Issued by: Staff writer Joan Hendricks
Cape-Town born rapper and musician, Jerome Rex hails from Kuilsriver and recently scooped two Ghoema Awards (April 2019) in Johannesburg. We chatted to him about how he juggles life in the spotlight, winning two Ghoemas and what’s next for him.
Please tell us more about yourself and what you do.
I’m a rapper, singer, songwriter and performing artist born and raised in Cape Town. I have high ideals for what I’d like my music to achieve – the aim is contribute to culture and challenge the norms around mainstream content.
That includes the themes you expect to hear in popular music, as well as prevailing social standards of beauty and opinions about concepts like absolute truth.
Musically, I love creating art that is relatable, honest and good!
How did it all start for you?
Growing up in a musical family I’ve always been singing – first around the house at home, then in our church and youth choirs.
My first exposure to hip hop was at high school when someone played me a KRS-One tape and I was hooked! I started getting involved in the culture and writing my own lyrics.
From there I would perform with the crew I was involved in at the time at school concerts, carnivals and bazaars. That whole experience helped shape my musical voice and identity.
What does winning two Ghoema Awards mean to you?
I was nominated in 2 categories – Beste Afrikaanse Hip Hop Liedjie and Beste Hip Hop Album, and won the best album accolade. The award is a great validation of the effort that went into producing the album. A big team of people devoted many hours to creating the best project they possibly could. The Ghoema award is a recognition of the artistic merit we believe the music holds. To have an independent panel confirm that is a great feeling.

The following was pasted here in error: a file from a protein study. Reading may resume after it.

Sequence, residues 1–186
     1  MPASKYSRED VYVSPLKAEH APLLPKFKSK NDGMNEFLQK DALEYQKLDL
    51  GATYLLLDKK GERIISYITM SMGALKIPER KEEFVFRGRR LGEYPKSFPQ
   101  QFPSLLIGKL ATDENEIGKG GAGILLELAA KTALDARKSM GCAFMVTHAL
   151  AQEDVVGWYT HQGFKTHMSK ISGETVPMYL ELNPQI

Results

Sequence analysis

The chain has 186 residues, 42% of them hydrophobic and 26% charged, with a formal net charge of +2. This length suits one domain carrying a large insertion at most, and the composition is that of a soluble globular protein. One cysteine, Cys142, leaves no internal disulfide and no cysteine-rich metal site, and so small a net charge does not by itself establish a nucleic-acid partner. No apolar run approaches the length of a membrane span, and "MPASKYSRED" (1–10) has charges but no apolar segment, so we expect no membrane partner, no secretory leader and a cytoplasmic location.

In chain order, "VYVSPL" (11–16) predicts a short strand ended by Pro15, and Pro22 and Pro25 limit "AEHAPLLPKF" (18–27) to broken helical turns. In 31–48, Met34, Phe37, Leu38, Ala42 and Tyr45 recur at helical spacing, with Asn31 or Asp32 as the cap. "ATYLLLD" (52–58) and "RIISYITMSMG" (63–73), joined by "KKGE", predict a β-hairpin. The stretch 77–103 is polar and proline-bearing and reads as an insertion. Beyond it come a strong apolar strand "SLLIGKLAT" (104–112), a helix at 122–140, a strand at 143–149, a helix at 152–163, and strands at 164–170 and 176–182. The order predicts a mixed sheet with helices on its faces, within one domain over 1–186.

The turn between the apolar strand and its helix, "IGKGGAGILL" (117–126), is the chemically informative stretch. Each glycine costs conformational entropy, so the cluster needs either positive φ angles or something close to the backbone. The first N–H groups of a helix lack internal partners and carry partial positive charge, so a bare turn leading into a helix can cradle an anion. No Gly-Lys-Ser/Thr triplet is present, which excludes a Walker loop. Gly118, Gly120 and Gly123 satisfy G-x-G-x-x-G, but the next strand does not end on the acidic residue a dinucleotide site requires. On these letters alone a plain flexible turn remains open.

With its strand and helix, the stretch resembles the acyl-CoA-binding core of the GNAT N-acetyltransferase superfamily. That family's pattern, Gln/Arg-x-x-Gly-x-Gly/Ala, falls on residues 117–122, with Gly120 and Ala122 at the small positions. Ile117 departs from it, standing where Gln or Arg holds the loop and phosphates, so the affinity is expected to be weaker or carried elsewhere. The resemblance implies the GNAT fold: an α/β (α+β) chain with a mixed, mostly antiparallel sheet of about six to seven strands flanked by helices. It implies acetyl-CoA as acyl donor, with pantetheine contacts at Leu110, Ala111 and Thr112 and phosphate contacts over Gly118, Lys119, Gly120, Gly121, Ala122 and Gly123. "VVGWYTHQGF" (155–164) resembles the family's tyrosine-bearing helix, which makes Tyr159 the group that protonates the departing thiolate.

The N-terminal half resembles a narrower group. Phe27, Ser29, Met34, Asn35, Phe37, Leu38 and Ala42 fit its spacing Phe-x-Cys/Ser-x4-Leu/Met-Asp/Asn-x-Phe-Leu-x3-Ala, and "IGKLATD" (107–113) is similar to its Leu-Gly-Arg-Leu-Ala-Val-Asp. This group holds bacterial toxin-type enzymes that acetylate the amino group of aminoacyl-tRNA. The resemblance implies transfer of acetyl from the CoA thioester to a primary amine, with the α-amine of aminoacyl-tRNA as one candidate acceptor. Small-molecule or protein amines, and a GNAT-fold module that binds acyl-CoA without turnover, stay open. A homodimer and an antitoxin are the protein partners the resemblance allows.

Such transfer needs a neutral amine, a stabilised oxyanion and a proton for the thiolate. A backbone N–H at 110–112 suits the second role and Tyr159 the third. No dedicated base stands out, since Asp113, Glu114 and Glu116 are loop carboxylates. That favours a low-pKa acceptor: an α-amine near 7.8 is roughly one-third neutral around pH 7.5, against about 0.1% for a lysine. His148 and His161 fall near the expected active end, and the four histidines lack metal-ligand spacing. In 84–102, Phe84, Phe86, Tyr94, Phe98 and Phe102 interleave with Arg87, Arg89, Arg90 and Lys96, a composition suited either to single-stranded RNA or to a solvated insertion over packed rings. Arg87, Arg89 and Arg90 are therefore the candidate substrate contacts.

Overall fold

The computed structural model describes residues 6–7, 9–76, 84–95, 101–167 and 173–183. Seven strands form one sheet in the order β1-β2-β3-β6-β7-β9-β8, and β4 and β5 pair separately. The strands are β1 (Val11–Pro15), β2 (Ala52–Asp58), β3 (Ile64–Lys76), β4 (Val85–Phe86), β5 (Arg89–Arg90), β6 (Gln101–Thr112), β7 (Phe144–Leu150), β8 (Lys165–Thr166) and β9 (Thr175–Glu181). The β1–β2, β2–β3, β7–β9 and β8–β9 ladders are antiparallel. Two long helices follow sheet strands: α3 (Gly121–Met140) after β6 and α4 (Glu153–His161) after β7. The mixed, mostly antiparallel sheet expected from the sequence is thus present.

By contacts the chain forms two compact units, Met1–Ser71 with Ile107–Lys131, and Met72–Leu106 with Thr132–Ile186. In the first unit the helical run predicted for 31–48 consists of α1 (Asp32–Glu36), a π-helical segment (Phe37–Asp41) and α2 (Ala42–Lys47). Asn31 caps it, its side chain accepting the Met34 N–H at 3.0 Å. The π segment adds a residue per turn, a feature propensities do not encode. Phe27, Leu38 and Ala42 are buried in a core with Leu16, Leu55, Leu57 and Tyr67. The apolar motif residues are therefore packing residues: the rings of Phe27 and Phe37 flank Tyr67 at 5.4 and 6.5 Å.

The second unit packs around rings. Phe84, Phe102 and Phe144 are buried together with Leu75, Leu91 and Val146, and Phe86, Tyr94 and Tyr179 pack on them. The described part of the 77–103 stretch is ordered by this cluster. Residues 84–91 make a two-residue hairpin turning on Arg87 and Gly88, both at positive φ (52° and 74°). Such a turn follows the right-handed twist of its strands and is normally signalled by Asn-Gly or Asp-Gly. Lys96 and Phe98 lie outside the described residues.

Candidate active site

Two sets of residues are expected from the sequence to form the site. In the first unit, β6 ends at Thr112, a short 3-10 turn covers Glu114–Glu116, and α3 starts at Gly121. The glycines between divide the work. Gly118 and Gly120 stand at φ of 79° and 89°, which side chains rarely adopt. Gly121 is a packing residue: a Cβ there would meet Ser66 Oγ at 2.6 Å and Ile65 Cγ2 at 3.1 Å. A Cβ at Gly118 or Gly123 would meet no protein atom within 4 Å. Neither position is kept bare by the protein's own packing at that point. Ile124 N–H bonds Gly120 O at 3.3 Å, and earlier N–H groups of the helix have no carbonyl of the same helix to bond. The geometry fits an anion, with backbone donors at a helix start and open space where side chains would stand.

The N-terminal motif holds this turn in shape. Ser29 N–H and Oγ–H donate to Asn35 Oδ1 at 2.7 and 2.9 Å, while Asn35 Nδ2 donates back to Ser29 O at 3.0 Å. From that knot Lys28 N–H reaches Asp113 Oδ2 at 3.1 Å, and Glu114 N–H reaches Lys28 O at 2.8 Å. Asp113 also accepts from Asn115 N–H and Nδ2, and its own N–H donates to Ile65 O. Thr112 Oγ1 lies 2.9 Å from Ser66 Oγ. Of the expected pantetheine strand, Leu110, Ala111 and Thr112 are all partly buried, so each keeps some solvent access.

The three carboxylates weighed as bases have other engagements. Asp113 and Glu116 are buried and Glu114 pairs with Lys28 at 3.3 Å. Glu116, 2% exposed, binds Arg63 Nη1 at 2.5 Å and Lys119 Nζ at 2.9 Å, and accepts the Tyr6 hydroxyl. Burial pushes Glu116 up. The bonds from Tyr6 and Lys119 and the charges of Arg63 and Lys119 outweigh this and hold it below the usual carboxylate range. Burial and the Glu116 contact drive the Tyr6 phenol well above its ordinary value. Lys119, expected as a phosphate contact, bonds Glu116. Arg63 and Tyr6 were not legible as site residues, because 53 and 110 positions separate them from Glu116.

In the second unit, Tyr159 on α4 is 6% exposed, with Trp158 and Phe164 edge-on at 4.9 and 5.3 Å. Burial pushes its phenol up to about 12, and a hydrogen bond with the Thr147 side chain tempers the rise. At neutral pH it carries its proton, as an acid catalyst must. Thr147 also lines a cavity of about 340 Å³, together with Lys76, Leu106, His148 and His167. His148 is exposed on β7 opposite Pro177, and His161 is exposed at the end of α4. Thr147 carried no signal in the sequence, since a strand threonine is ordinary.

It was especially humbling to be nominated alongside very talented and successful artists in Early B, HemelBesem and YOMA. We’ve been contemporaries for a long time and I have great respect for them as lyricists and musicians.
How do you juggle being an artist/musician, dad and husband?
With great difficulty! There’s no magic formula for getting it right – even if someone else seems to be managing, it won’t necessarily work for you because everyone’s situation is different.
I try to work from the reality that our time is finite. I’ve learned to say no and not to double book my time. I also try to prioritize husband and dad time, because those are the most important relationships.
Who are some of your role models?
Shaheen Ariefdien of POC was a huge influence in my formative years as an emcee. He remains one of the greatest lyricists our country has ever produced.
I follow Eric Roberson because I love his music and his business acumen in managing his own career independently.
DJ Ready D is a great role model for his longevity as an artist. He just turned 50 and, if anything, he seems to be gaining momentum instead of slowing down. I love how artists like him rewrite the rule book and defy expectations of what can be achieved in their field.
What is next for you?
I’m currently planning the release events for my latest music video off the Al Jerome album. The song is titled Ek Sal and features George native Hakkiesdraad Hartman and a guitar solo by Allou April.
To celebrate the Cape Town/Garden Route partnership, we’re hosting 2 events – one in Mossel Bay and one in Central Cape Town.
Beyond that, the intention for the 2ndhalf of 2019 is to tour and promote the album. I have so many open doors around the country and I want to honor the support I’ve been getting by visiting those people ‘at home’.
Any words of wisdom to young aspiring artists trying to make it in the music world?
Before you do anything, you absolutely have to sit down and define what you consider success. This will differ for everyone and in large will determine the musical and business decisions you make regarding your career. The music industry will present you with many opportunities and choices, and if you have a solid idea of who you are and where you want to be, it will be a lot easier to navigate that maze.